Other recommendations include: long-term stable research funding, incentives for low-carbon fuels and consumer products, funding for biological sequestration, expanding the natural gas supply and distribution network, and a mandatory greenhouse gas reporting program that can provide a stepping stone to economy-wide emissions trading. 

The full text of this and other Pew Center reports is available at http://www.c2es.org.  

###

The Pew Center was established in May 1998 by The Pew Charitable Trusts, one of the United States’ largest philanthropies and an influential voice in efforts to improve the quality of the environment.  The Pew Center is an independent, nonprofit, and non-partisan organization dedicated to providing credible information, straight answers, and innovative solutions in the effort to address global climate change.  The Pew Center is led by Eileen Claussen, the former U.S. Assistant Secretary of State for Oceans and International Environmental and Scientific Affairs.

Emissions Trading and Offsets

Emissions Trading, JI, & CDM Solutions

The following is a brief overview of emissions trading, joint implementation and CDM solutions undertaken by members of C2ES's Business Environmental Leadership Council (BELC).

For more information on each of these companies efforts to address climate change, please see the Businesses Leading The Way section of this Web site.

Air Products and Chemicals

  • Air Products and Chemicals, Inc. is involved in all stages of development of EU regulations, country-based voluntary greenhouse gas reduction schemes within the EU, and energy tax incentive regulations such as the Dutch ‘convenant’ system and UK Climate Change levy.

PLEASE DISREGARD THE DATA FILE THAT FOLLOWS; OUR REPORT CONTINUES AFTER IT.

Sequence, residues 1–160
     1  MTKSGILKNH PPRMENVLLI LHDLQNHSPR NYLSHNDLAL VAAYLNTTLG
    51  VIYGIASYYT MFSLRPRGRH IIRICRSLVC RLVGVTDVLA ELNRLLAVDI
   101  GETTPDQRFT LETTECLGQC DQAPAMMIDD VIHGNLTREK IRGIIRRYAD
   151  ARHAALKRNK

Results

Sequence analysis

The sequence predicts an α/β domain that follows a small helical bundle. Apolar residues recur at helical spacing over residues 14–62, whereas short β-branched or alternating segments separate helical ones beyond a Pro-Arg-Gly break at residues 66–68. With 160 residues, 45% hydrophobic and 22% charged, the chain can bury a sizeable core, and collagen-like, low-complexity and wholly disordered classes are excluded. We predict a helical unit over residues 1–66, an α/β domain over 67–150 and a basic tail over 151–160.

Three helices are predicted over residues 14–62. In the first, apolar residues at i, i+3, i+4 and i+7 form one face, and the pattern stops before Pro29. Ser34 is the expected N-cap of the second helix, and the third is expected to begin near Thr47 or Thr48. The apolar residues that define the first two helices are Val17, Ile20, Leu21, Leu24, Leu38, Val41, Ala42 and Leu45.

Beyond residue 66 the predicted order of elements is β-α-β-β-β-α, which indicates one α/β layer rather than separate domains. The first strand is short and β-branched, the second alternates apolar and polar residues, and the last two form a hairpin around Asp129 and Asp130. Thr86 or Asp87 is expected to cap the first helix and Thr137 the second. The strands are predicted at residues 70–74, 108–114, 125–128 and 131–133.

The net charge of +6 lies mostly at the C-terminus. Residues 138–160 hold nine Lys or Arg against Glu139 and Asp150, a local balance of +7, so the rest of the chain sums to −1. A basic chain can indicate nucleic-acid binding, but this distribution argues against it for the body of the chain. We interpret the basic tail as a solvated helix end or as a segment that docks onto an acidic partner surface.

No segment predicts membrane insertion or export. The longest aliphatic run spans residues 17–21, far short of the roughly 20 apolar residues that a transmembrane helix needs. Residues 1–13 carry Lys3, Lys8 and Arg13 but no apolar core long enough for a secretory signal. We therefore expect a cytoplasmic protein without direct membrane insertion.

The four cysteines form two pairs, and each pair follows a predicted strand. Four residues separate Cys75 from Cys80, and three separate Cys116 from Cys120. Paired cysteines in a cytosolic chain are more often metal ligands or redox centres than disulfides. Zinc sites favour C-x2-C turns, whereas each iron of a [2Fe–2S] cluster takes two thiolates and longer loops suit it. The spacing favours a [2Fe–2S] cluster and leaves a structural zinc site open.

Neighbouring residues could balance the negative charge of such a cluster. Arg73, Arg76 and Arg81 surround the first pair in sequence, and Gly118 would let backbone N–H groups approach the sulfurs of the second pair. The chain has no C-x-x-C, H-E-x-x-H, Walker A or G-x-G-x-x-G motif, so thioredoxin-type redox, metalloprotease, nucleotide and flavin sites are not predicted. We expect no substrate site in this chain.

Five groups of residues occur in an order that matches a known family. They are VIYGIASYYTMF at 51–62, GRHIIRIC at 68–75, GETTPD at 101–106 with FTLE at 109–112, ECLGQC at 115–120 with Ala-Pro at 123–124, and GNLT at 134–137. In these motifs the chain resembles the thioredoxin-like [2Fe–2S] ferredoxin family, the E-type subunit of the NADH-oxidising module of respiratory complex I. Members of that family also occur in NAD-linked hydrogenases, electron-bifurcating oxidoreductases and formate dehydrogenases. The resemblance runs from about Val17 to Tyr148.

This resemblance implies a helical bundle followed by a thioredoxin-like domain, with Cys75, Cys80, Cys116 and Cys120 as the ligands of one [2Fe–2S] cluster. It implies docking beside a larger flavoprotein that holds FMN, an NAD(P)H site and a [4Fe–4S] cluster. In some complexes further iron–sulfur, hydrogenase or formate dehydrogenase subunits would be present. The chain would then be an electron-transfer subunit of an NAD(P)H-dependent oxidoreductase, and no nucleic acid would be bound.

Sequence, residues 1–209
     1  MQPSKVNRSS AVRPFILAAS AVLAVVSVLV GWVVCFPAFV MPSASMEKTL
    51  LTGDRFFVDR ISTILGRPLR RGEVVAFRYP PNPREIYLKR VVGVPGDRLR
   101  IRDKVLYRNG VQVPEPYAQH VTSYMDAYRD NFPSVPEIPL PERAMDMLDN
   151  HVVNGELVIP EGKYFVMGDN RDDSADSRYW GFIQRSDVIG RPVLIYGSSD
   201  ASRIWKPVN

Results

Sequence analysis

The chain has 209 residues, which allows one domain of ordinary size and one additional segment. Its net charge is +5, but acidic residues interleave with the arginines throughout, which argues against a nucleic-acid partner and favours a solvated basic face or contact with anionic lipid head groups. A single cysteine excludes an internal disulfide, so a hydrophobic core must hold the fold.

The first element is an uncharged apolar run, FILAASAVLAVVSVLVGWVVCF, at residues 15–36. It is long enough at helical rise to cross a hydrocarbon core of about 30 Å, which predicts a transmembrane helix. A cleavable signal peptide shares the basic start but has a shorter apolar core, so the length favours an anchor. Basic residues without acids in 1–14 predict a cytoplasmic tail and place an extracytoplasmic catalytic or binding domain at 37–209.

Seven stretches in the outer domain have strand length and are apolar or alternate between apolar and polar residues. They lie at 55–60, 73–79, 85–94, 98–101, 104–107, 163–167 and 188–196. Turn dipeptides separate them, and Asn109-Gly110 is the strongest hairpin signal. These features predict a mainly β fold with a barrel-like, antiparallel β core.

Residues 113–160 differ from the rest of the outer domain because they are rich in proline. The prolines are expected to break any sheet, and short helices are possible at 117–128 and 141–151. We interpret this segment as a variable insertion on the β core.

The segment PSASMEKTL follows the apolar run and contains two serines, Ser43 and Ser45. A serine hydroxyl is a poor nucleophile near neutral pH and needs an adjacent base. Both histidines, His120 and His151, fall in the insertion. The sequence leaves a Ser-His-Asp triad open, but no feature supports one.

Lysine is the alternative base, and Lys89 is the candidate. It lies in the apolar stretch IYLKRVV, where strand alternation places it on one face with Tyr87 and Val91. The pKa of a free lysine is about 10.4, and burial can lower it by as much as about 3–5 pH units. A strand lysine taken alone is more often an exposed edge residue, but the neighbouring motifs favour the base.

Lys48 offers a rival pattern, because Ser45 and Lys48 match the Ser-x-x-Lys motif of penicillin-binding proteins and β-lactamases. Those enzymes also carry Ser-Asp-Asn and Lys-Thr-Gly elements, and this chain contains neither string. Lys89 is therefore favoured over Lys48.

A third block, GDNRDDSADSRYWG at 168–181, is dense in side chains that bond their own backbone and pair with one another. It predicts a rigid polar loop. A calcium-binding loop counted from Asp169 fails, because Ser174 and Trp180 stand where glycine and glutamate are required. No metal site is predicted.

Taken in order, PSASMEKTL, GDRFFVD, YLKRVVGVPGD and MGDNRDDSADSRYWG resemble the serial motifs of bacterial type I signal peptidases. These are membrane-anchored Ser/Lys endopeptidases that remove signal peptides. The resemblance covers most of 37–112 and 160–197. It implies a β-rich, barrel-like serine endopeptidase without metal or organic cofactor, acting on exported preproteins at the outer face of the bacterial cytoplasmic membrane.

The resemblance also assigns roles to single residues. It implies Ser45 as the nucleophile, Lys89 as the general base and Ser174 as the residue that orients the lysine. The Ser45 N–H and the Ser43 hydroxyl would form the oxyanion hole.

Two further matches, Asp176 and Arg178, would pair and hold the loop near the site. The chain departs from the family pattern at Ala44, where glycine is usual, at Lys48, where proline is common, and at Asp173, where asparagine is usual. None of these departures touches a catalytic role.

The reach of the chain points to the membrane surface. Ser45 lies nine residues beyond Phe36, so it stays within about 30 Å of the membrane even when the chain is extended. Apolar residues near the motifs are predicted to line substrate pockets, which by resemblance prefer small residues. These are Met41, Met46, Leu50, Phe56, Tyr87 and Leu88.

• Air Products and Chemicals, Inc. participates in national and international trade associations to ensure progress can be made in addressing climate change and sustaining economic growth by adopting reasonable government policies and programs that do not impede the free market’s ability to develop cost-effective solutions.

  • Air Products has actively followed various emissions trading mechanisms and recently executed its first purchase of CO2 credits for an operation in the UK.

Bank of America

  • Bank of America Merrill Lynch operates an active carbon market services business that provides risk management, market access and liquidity, and strcutured finaces to a variety of corporaye clients looking to offset emissions or manage their carbon exposure. 

  • Bank of America Merrill Lynch, has an option to purchase several million CERs (certified emission reductions) over a 10-year period, all of which will be generated in sub-Saharan Africa. In addition to holding compliance value from their eligibility in the European Union's Emissions Trading System (EU ETS), the carbon credits are “highly charismatic” in that they are earned through the replacement of CO2 producing kerosene lamps with innovative rechargeable light emitting diode (LED) lighting technology - a clean, safe, and environmentally sound solution that is affordable to those without access to the electricity grid.